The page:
New Wordpress Blog
We’re Andy Todd and Andrew Kirk and we’re IT Trainers from the Digital Skills and Training team, Information Services. We design, develop and deliver IT and digital skills training events and materials for staff and students across the University. Our team also runs the University’s Lynda.com service, which provides staff and students 24/7 access to a free library of 250,000+ HD videos tutorials in IT, digital, business and creative skills – delivered by industry experts.
Having previously attended (and enjoyed) Festival of Creative Learning events ourselves, we were inspired to develop and run our own event for this fantastic festival.
Our two, two hour events, ‘Learning and Teaching with Lynda.com’ introduced attendees to the Lynda.com service, showing them how easily the service could be used to learn new skills, or embed Lynda.com content into teaching. We taught attendees how to search for, view and share content, curate and share their own view/course playlists, link certificates to LinkedIn profiles, and download content for offline viewing.
We loved delivering these sessions and found it to be a great way for us to speak to staff and students to find out which digital skills they were passionate about learning or improving, and how they intended to do so before learning about Lynda.com. It was particularly satisfying for us to hear how positively attendees spoke about the Lynda.com service after we had demonstrated and they had used it, and how important and valuable they believed it to be as a free resource for our staff and students.
Overall, the event feedback received was really positive, with several attendees stating an improved confidence using the Lynda.com service as a result of attending our event, with all attendees stating that they would recommend it to others.
Given how much we enjoyed running events this year, we’ll definitely be applying to run some more next year – so keep an eye out for us in the event list.
If you happened to miss this event don’t worry, we enjoyed it so much we’ve decided to make it a permanent offering. Find current/future dates, and booking links for the ‘Learn and Teach with Lynda.com’ course on our webpage at: https://edin.ac/2JdwJgr
To find out more about the Digital Skills and Training team, please visit www.ed.ac.uk/is/skills. For more information on our Lynda.com service including how to get signed up, please visit www.ed.ac.uk/is/lynda.
Andy Todd and Andrew Kirk
Digital Skills and Training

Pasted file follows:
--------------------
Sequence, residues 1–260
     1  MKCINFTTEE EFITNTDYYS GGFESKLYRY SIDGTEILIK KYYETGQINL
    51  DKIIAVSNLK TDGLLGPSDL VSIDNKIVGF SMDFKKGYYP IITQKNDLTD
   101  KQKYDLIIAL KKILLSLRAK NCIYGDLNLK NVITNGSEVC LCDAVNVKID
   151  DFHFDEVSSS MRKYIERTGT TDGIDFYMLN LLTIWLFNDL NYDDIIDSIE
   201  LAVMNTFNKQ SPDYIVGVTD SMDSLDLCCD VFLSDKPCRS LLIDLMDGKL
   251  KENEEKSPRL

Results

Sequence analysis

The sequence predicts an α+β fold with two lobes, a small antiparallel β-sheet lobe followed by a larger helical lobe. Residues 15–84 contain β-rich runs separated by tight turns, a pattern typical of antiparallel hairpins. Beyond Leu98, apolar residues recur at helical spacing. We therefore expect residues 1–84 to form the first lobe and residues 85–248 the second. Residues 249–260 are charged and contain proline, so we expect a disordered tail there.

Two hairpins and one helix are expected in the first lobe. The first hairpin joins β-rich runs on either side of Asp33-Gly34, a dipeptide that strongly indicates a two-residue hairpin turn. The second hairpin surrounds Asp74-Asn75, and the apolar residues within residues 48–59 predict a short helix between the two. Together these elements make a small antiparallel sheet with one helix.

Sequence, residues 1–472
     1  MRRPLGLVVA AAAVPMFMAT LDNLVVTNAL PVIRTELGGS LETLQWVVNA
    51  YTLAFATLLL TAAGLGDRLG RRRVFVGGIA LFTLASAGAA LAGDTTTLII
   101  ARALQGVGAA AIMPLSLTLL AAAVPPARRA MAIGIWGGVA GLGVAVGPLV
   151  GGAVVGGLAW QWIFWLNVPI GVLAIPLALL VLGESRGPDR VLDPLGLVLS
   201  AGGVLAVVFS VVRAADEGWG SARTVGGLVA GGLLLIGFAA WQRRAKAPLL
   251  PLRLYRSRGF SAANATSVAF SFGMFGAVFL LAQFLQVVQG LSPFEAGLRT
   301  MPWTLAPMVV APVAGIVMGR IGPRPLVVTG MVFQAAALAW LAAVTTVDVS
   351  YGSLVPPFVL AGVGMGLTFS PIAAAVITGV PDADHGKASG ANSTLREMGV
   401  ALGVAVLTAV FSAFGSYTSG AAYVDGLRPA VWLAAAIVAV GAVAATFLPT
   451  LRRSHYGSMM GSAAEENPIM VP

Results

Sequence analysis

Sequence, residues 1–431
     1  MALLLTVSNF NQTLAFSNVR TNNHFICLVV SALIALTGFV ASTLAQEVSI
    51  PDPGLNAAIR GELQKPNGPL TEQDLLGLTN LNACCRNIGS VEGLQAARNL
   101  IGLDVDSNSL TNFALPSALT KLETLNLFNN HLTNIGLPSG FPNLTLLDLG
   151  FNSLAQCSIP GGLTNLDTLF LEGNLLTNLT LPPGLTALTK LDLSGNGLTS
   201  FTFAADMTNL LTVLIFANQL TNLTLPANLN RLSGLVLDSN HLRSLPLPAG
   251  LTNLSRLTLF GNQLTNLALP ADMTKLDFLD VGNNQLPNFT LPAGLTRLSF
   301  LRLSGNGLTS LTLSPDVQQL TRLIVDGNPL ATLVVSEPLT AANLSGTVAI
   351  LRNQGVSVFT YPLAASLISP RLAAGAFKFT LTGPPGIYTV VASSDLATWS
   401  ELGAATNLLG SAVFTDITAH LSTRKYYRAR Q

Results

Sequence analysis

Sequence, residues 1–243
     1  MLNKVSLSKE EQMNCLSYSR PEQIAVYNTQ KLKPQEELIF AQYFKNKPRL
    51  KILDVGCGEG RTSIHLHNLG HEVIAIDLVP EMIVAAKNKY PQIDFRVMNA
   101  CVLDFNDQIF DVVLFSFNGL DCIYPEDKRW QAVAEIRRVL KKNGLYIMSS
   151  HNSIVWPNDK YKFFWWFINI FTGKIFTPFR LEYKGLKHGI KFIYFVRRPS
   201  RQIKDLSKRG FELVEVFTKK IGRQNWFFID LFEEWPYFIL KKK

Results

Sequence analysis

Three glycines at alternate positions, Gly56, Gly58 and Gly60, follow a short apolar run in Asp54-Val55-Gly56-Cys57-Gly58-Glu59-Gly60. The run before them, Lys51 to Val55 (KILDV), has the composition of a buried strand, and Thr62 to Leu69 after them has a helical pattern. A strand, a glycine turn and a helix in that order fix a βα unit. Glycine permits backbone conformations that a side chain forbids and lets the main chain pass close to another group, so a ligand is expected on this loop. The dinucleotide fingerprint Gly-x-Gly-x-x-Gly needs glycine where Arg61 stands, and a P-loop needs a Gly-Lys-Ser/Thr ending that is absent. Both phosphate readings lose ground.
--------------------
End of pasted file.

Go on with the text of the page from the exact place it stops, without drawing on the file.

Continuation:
Information Services Group
Hi everyone I’m Kostas, one of the many event organisers of FCL18. My event was “Cooking with Science: From molecular gastronomy to gourmet cooking”. I’m a PhD student, with a background in Electronics & Electrical Engineering. Nothing to do with cooking!Why I got involved in the Festival
The Festival was an opportunity to change people’s attitude towards cooking!
Food science is a hobby and passion of mine. It has changed the way I cook, or even shop for food. You read product labels with a different understanding! I wanted to share the things I’ve learned with others.
The science-part is surprisingly fascinating, touching upon soft-matter chemistry and physics. The cooking-part is a platform to express creativity. Such themes are at the heart of the Festival of Creative Learning. Not to mention, you literally get to taste your creations!Cooking with Science: A workshop
The event’s theme was “how scientific principles lead to better cooking”. More than just demonstrating science using cooking. Each recipe started with an overview of the science and equipment, followed by participants doing the cooking. We used thermometers, scales accurate to 0.1 milligram, and some unusual ingredients. Here are some highlights:
Chocolate-flavoured modernist mousse: We discussed thickening agents and viscosity, then used Xanthan Gum to make a mousse.
Carotene butter using a centrifuge: We explored emulsions and emulsifiers, then used carrot juice to make carrot butter. This was a tough recipe, but we had fun using a DIY-centrifuge made out of a salad-spinner.
Orange juice fluid-gel: The gooiest part of the day. We discussed gelling agents and the peculiar case of fluid-gels, which are something between a liquid and a solid. The gel tasted better than it looked.
Super-creamy ice-cream: Everyone’s favourite! We discussed ice crystal formation and its impact on ice-cream texture, then we made some very tasty ice-cream and churned it using dry-ice.Impact & future plans
Running this event for the first time was quite challenging. Some of the recipes were at an experimental stage. I can only applaud the amazing work of the participants, who kept going even when things got messy (literally!). In the feedback, most participants said they picked up new skills, and planned to try out some of the recipes at home. I am hoping that some may develop a passion for food science.